Russia’s Gone Nuclear in Ukraine—With Power Plants, not Missiles

The United States and United Nations have told Moscow to stop holding Europe’s biggest nuclear reactor hostage.

By , a Pentagon and national security reporter at Foreign Policy.
A general view shows the Zaporizhzhia Nuclear Power Plant
A general view shows the Zaporizhzhia Nuclear Power Plant
A general view shows the Zaporizhzhia Nuclear Power Plant, situated in the Russian-controlled area of Enerhodar, seen from Nikopol, Ukraine, on April 27. Ed Jones/AFP via Getty Images

The U.S. State Department and the United Nations called for a demilitarized zone around the Russian-occupied Zaporizhzhia Nuclear Power Plant in southeastern Ukraine today, as the Kremlin’s chaotic four months managing Europe’s largest nuclear energy facility has raised concerns of a Chernobyl-like meltdown.

In a statement, a State Department spokesperson called the fighting around Zaporizhzhia “dangerous and irresponsible” after the plant was shelled earlier today for the second time in recent days, which led to rounds of finger-pointing from both sides. Ukrainian officials have accused Russian troops of using the plant as a nuclear shield after deploying rocket launchers to the facility and turning it into an impromptu military base.

“We continue to call on Russia to cease all military operations at or near Ukrainian nuclear facilities and return full control to Ukraine, and support Ukrainian calls for a demilitarized zone around the nuclear power plant,” the spokesperson said in an emailed statement on condition of anonymity based on ground rules set by the State Department.

The U.S. State Department and the United Nations called for a demilitarized zone around the Russian-occupied Zaporizhzhia Nuclear Power Plant in southeastern Ukraine today, as the Kremlin’s chaotic four months managing Europe’s largest nuclear energy facility has raised concerns of a Chernobyl-like meltdown.

In a statement, a State Department spokesperson called the fighting around Zaporizhzhia “dangerous and irresponsible” after the plant was shelled earlier today for the second time in recent days, which led to rounds of finger-pointing from both sides. Ukrainian officials have accused Russian troops of using the plant as a nuclear shield after deploying rocket launchers to the facility and turning it into an impromptu military base.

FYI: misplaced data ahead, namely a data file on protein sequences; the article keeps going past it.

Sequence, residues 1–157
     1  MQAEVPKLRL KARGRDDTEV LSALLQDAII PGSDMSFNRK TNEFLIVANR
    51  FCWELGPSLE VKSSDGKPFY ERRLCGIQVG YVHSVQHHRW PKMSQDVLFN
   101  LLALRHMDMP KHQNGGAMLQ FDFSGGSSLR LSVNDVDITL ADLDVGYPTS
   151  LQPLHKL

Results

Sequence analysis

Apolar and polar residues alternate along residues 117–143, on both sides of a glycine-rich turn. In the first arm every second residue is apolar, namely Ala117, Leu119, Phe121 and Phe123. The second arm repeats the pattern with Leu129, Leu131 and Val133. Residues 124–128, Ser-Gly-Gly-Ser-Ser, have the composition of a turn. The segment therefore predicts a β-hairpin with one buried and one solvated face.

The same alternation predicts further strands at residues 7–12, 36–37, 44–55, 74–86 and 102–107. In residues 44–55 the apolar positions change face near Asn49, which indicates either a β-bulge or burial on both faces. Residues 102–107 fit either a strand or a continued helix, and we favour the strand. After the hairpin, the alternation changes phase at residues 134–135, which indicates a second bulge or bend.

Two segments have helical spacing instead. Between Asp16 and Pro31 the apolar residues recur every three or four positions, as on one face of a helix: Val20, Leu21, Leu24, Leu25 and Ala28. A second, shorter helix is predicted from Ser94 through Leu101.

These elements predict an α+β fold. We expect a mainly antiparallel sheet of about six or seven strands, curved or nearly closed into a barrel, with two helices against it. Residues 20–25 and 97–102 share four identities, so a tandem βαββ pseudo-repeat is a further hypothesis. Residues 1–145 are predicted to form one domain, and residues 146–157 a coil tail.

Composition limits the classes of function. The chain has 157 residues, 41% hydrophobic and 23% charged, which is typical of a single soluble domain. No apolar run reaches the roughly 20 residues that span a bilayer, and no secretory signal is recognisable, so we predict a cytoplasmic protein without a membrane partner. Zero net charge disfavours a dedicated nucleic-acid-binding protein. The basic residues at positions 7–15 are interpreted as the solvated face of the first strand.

“We continue to call on Russia to cease all military operations at or near Ukrainian nuclear facilities and return full control to Ukraine, and support Ukrainian calls for a demilitarized zone around the nuclear power plant,” the spokesperson said in an emailed statement on condition of anonymity based on ground rules set by the State Department.

This week, Russian officials said they would allow inspectors from the International Atomic Energy Agency to see the facility, after the U.N. nuclear watchdog said the situation at the plant was “completely out of control” and in need of inspection and urgent repairs. António Guterres, the United Nations secretary-general, said in a statement that the Zaporizhzhia facility “must not be used as part of any military operation” and that an urgent agreement would be needed to ensure a safe demilitarized perimeter around the area.

Russian openness to inspections at the besieged power plant also coincided with ominous warnings from top Kremlin officials. On his Telegram channel on Friday, former Russian President Dmitry Medvedev, now deputy chairman of Russia’s Security Council, wrote that accusations saying Russia was shelling the plant were “100% nonsense,” adding a veiled threat toward the West. “Let’s not forget that the European Union also has nuclear power plants,” he wrote. “And accidents can happen there, too.”

But despite American calls for Russia to fall back from the nuclear plant—which generates about one-fifth of Ukraine’s electricity—some Ukrainian officials believe that the Kremlin is eyeing critical infrastructure in Ukraine in an effort to exact maximum leverage at the bargaining table. Russia’s military also briefly occupied the Chernobyl Nuclear Power Plant, the site of the 1986 nuclear disaster, before giving up on efforts to quickly seize Ukraine’s capital of Kyiv.